The Pope and the Internet
I just encountered how much difference thoughtful attention and analysis makes when presenting news. The fact: on January 24, on the occasion of the "45th World Day of Social Communications", Pope Benedict XVI issued a new encyclical titled "Truth, Proclamation and the Authenticity of Life in the Digital Age." You can read the English version here. If you scroll up or down on the same page you can read it in any of the five other languages.
From the many online reflections and reactions l want to mention the first two that reached me. The piece at "Houston Belief," titled "Pope warms against dangers of creating fake online profiles" doesn't specify the apropos for the prost (the above encyclical), picks a few sentences from it without explanation or reflection and adds a few anecdotes. This is a mix of bad journalism (no clear references, no description of what it is about, and minimal context) and good (the anecdotes are providing further insights into the Pope and Vatican's relations to the internet, beyond what's in the new document.) What makes the online piece even worse from a usability perspective is how some words are linked to related topics on the website Houston Belief is part of (chron.com). For example when it mentions the Vatican's YouTube channel it links to articles about YouTube at chron.com as opposed to say the Vatican's YouTube channel.
Enough of that, let me turn my attention to Elizabeth Drescher's analysis at ReligionDispatches: "Pope Invites his Flock to Join Facebook: Is the Digital Reformation Here?" In the opening sections she manages to describe how active and intertwined her digital life is, specify and link to the Pope's message, connect to several other thinkers who reflected on the Pope's message. Then she goes into her own reflections, that are strongly connected with other people's. Here are some of the key ideas mentioned, but you should read the whole article to fully understand them:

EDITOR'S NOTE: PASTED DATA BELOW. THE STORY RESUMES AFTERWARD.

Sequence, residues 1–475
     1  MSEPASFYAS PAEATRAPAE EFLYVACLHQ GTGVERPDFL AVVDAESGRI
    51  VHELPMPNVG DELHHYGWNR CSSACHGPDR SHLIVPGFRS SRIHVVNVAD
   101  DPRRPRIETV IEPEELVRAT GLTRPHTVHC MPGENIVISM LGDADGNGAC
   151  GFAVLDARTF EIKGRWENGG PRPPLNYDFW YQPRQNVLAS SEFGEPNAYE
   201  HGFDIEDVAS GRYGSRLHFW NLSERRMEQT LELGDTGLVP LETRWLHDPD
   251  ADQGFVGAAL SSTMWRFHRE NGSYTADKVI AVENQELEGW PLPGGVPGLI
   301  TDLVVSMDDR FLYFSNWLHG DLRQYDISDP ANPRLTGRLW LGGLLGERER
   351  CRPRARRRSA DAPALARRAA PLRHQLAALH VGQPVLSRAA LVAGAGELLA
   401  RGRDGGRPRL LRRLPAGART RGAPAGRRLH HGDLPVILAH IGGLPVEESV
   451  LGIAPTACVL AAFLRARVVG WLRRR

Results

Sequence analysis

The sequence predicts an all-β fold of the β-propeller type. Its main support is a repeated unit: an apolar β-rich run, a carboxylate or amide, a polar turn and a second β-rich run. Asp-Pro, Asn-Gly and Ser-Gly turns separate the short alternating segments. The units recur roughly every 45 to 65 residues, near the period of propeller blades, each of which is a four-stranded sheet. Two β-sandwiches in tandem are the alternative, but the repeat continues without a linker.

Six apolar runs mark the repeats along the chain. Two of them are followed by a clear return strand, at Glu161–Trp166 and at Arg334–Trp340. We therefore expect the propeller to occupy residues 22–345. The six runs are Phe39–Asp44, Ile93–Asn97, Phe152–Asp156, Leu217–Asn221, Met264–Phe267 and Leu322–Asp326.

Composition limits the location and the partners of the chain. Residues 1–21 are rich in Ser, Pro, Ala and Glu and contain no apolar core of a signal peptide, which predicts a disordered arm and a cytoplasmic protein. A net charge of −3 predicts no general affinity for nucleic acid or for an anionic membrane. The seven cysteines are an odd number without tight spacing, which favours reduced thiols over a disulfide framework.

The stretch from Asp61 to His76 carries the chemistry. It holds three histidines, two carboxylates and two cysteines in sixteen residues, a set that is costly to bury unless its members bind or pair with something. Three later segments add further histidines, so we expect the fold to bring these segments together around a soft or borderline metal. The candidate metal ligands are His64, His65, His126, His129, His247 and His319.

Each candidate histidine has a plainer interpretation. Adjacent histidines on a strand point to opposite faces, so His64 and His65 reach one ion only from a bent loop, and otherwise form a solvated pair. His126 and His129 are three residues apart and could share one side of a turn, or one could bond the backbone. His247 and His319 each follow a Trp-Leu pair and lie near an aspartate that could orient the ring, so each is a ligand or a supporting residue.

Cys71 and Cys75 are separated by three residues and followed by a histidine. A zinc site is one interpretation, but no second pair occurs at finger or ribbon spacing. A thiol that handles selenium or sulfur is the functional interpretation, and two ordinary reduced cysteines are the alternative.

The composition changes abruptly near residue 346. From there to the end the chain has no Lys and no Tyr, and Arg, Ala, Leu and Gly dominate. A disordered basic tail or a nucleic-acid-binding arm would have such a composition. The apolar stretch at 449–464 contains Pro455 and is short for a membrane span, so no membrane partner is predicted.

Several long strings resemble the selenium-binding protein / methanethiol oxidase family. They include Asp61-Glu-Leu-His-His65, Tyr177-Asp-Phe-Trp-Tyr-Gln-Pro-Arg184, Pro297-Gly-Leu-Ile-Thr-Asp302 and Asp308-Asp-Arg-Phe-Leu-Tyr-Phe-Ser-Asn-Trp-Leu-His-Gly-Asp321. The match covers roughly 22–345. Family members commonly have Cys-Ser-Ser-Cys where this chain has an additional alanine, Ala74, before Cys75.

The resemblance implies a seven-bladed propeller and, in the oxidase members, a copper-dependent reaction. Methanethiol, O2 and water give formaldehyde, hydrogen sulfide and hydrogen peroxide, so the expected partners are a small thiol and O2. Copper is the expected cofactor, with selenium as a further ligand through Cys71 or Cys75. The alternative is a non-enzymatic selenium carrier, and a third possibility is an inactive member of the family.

- The Pope embraced "digital space as a site for the meaningful expansion and enrichment of social, intellectual, and spiritual relatedness"
- the Pope’s letter errs in assuming that digital media are the particular provenance of the young
- “one-sidedness of… interaction” in digital communications betrayed a lack of practical familiarity with social media
- “the tendency to communicate only some parts of one’s interior world, the risk of constructing a false image of oneself” also betrays a certain unfamiliarity with communication practices in daily life generally, digital or otherwise.
- the papal encyclical is to be lauded for framing the overall discussion in cultural, ethical, and spiritual terms rather than narrowly technical or functional one
- ..this does not mean that relationships developed in global, digital spaces are any less “real” than those with the neighbor down the street
The rest of the article mostly talks about the blurring of the virtual/real boundary, particularly how social books (books as apps) can help that.